Mumbai’s pollution: A huge health epidemic

Mumbai's pollution levels worsened this winter, with AQI levels surpassing Delhi, known for being one of the world's most polluted cities.

In the past few months, Mumbai’s worsening pollution levels have made headlines. It has even been compared to Delhi, which has one of the worst winter pollution levels, year after year. Increased construction activity, industrial pollution and vehicular emissions continue to worsen pollution in Mumbai.

To understand this better, Citizen Matters spoke with Ronak Sutaria, Founder and CEO of the Climate Tech startup Respirer Living Sciences in an interview that is now available on YouTube.

In the discussion, Ronak explained that Mumbai’s pollution levels were lower than Delhi but emphasised the need to increase monitoring in Mumbai. “Mumbai has deteriorated significantly, Delhi has marginally improved. Mumbai’s PM 2.5 deteriorated by 40% as compared to 2019. Delhi has increased monitoring significantly. Delhi has 40 monitors for the city and and Mumbai has 20… We are probably not even capturing things adequately.”

Impact on health of citizens

The direct impact of pollution is on the respiratory system. Adults and children complain of persistent cough, colds and other infections. Ronak explained that those who are susceptible to asthma and bronchitis, winter months get much harder.

The limits prescribed by the World Health Organisation are far lower than an average levels anywhere in India. “These are standards and safe limits set by WHO… There is no reason to believe than Indians have a higher capacity to breathe more pollution. Bottomline is we are breathing four times to ten times more pollution than safe limits.”

News reports suggest that doctors are seeing a rise in healthy individuals experiencing prolonged coughing due to pollution. Pic: ILO Asia-Pacific, Flickr (CC BY-NC-ND 2.0)

Most citizens may not connect their health issues to worsening pollution Ronak explained. People often treat the illnesses with medication and move on without addressing the actual cause – which could be one or more forms of pollutants in the neighbourhood. “It’s a huge health epidemic by any standard,” he said.

Compliance and monitoring

We spoke about the role of the government and agencies such as the Maharashtra Pollution Control Board could do and how the citizens could also do their bit. “There needs to be separation of duties of monitoring and compliance. Fine grain management should be done by the municipal corporation. Who the big culprits are should be done by corporation and compliance should be managed by pollution control board.”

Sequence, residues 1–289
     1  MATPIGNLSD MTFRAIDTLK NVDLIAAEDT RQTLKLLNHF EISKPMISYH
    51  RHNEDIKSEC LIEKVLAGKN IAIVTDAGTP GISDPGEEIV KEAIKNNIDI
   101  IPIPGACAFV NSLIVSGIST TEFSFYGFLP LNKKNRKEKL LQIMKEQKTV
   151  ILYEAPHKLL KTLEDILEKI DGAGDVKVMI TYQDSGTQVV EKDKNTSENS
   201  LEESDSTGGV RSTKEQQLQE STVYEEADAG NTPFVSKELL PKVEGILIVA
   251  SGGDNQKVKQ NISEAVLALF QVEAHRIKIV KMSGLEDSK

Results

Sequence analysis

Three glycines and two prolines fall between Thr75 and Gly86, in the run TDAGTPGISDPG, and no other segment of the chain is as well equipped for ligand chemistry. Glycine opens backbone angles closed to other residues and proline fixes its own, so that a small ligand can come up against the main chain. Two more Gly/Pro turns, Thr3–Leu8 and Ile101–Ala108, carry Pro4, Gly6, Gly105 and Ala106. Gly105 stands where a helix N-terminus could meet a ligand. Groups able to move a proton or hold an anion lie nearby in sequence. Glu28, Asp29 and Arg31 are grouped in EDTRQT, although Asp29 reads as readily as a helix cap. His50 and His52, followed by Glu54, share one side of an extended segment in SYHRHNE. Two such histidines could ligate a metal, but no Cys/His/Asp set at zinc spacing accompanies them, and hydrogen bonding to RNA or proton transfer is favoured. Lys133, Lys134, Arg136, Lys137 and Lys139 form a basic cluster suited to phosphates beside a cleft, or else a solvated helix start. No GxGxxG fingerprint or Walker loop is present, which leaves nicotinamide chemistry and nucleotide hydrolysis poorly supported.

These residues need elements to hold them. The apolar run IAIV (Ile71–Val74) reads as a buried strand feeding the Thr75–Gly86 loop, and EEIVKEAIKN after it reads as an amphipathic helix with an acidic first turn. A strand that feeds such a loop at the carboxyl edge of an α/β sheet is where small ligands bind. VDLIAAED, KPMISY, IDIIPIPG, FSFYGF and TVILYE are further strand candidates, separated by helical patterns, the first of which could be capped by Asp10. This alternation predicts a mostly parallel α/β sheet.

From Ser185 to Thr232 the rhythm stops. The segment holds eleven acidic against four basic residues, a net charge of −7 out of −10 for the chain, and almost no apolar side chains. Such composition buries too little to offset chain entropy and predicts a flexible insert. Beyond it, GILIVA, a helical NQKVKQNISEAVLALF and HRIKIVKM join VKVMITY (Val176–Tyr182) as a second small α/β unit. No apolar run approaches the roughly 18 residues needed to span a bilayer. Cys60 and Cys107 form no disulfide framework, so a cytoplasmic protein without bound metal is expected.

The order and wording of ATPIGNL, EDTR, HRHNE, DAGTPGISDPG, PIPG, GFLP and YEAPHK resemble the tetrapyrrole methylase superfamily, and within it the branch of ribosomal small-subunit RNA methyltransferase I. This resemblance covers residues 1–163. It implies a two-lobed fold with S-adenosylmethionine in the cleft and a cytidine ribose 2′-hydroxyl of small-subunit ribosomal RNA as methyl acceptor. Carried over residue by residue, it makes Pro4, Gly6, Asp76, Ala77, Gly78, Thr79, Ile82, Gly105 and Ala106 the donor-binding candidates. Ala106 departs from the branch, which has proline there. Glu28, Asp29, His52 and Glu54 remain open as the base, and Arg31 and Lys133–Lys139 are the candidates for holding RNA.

Read more: Mumbai’s AQI worsens every winter, who is responsible?


Compliance requires transparency and the gaps need to be addressed. Ronak pointed that industries install continuous emissions monitoring systems themselves, which is a self-regulatory process and not necessarily effective. “Regulation and compliance need to happen in real time and a huge level.” However, he also spoke about the link between livelihoods, economy and industries and doing away with industries is not the solution.

Major causes of pollution

  • A study conducted by IIT and NEERI and commissioned by MPCB found that more than 70% of particulate matter pollution is coming from road dust, both paved and unpaved.
  • Road dust and construction dust form particulate matter which is the more harmful type.
  • NO2, released from vehicles, and Ozone from power plants are critical pollutants.

With massive construction projects going on right now, the dust from sites is adding to pollution. “Construction practices are very sub optimal right now. You don’t need to cut and mix things at site. Blame squarely remains with the construction practices we employ. You don’t see that happening in other countries. Its poor planning and poor technology,” Ronak says.

Citizens’ participation

Ronak also spoke in detail about what citizens could do. With the help of technology, it is possible to monitor pollution and ask authorities to intervene, he suggested. It was possible to install low cost equipment to measure pollution – under 1000 USD – either in apartment complex or neighbourhood.

Citizens who are genuinely getting to the bottom of the problem, they are substantially moving needle in how problem sare handled. If there is a group of 5-10 meaningful citizens, there is a lot of funds available. They need a lot of tenacity and patience, but they get access to funds, decision making power.”


Read more: BMC budget wishlist, from various experts in their field


At an individual level practicing sustainable life style helps. “It will not solve the problem but knowing that buying a diesel car, is much more polluting than petrol, one can avoid that.” Reducing consumption of polluting things, change travel habits, public transport – everything helps.

“The big elephant in the room is construction dust. What you can do is track pollution near your house and ask questions… We need compliance to happen at neighbourhood level. It needs technology and policy to come together.”

Ronak’s startup specialises in IoT and AI powered technologies for urban and rural data-driven air quality policy research. Ronak collaborated with India’s foremost research organizations including IIT Kanpur, Microsoft Research India and Shakti Sustainable Energy Foundation, in an effort to bring unparalleled scientific rigor to the work. These partnerships remain steadfast, resulting in the building and scaling of India’s first scientifically calibrated, low-cost sensor-based air quality monitoring network.

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